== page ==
Windows 10 added more user share in January than in any month since mid-2016, according to web analytics vendors Net Applications, the company said last week.
Data published Feb. 1 by the California-based Net Applications showed that Windows 10 had accumulated 1.4 percentage points of user share – the portion of all personal computer owners who ran the operating system – during January, ending the month powering 34.3% of the world’s PCs and 39.1% of all those systems running a flavor of Microsoft’s OS. (The second number is larger than the first because Windows accounted for 88.8% of all operating systems, not 100%.)
Windows 10’s increase was its largest since August 2016, if the November 2017 drop of 2.7 points is ignored. The latter was part of an across-the-board revamp of Net Applications’ data, designed to purge the numbers of bogus traffic originating from criminals’ “bots,” and thus was not proof of a sudden rush to Windows 10.
Meanwhile, Windows 7, the still-stalwart OS of the enterprise, ditched seven-tenths of a percentage point in January to post a user share of 42.4% of all PCs, equivalent to 48.3% of those running Windows.
The movements of Windows 7 and Windows 10 are of paramount importance to Microsoft at the moment, as the company plans to stop supporting the former in January 2020. During the next two years, Microsoft will push, nudge, prod, exhort, even threaten, users to get them to dump Windows 7 and move to Windows 10. How well the firm accomplishes that task will affect both its bottom line and reputation.
Using the 12-month averages of Windows 7’s and Windows 10’s user share changes, Computerworld revised its cross-over forecast. That cross-over – when Windows 10’s share of all Windows PCs exceeds Windows 7’s – may come as early as August, a month before the previous estimate. According to the 12-month trend, Windows 10’s share that month will reach 41.3%, while Windows 7’s will slip to 41.2%.
In this linear projection, Windows 7 will boast a user share of more than 32% in January 2020. At that time, Windows 10 should power approximately 59% of all Windows laptop and desktop PCs.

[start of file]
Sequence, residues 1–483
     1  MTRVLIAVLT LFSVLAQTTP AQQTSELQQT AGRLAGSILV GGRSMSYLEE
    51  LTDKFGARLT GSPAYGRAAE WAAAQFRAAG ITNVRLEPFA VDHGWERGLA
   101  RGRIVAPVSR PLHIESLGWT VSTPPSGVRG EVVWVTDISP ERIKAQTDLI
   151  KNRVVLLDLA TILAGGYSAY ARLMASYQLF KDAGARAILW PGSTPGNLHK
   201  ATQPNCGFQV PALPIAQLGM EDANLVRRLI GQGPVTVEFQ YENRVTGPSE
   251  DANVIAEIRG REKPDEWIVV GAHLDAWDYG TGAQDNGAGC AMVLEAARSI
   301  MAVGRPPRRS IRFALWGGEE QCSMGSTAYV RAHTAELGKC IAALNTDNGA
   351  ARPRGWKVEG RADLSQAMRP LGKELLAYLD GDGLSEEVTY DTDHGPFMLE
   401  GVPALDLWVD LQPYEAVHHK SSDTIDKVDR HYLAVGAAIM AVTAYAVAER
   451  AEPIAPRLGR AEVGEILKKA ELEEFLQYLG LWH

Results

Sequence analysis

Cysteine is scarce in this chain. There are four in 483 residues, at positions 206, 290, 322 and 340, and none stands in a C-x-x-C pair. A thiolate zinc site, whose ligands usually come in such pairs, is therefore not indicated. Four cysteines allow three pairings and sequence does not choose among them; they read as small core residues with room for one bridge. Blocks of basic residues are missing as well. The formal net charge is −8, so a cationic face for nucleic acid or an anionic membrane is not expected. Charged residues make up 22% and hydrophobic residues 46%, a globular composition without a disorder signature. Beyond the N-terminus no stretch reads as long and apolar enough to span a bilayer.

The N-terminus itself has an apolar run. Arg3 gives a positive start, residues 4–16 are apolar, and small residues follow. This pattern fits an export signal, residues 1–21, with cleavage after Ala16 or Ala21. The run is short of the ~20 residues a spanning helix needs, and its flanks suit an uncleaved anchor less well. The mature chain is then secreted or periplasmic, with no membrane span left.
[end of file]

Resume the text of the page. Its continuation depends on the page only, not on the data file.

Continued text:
However, it is unlikely that the real expansion of Windows 10’s share and the diminished pool of Windows 7 users will follow this model: Operating systems aren’t adopted or discarded in such a straightway fashion. Instead, the migration rate often accelerates as the end-of-life date for the older OS approaches.
Even so, Net Applications’ data illustrates the problem that Windows 7’s stubbornness represents. If the forecast is in any way close to accurate, hundreds of millions of machines will be running Windows 7 come January 14, 2020, the day Microsoft serves up the final security update for the OS. In turn, that could create enormous opportunities for hackers able to exploit vulnerabilities that will never be patched.
This latest forecast claimed that Windows 7’s remainder-at-retirement will be larger than XP’s at its official demise in April 2014. Then, Windows XP accounted for about 29% of all copies of Windows worldwide, or several percentage points lower than the current estimate for Windows 7.
Elsewhere in Net Applications’ January data, the user share for Apple’s macOS climbed by nine-tenths of a percentage point, an increase on a scale not seen since April 2016 (again, with the exception of the November 2017 bot scrubbing). The boost put macOS at an even 10% of the global personal computer operating system user share, a milestone for Apple and the 34-year-old Macintosh.
Another data source, Ireland’s StatCounter, painted a different picture.
According to StatCounter, Windows 10’s usage share – a measurement of activity rather than of users – exceeded Windows 7’s for January, edging out the older operating system for the first time. StatCounter recorded Windows 10’s usage share at 42.8%, Windows 7’s at 41.9%.
StatCounter ballyhooed the cross-over moment. “This is a breakthrough for Microsoft,” said Aodhan Cullen, the company’s CEO, in a statement. But Cullen also noted that Windows 7 “retained loyalty especially amongst business users,” implying that while 10 now has the upper hand, there are large numbers of machines that still face an OS upgrade before 2020.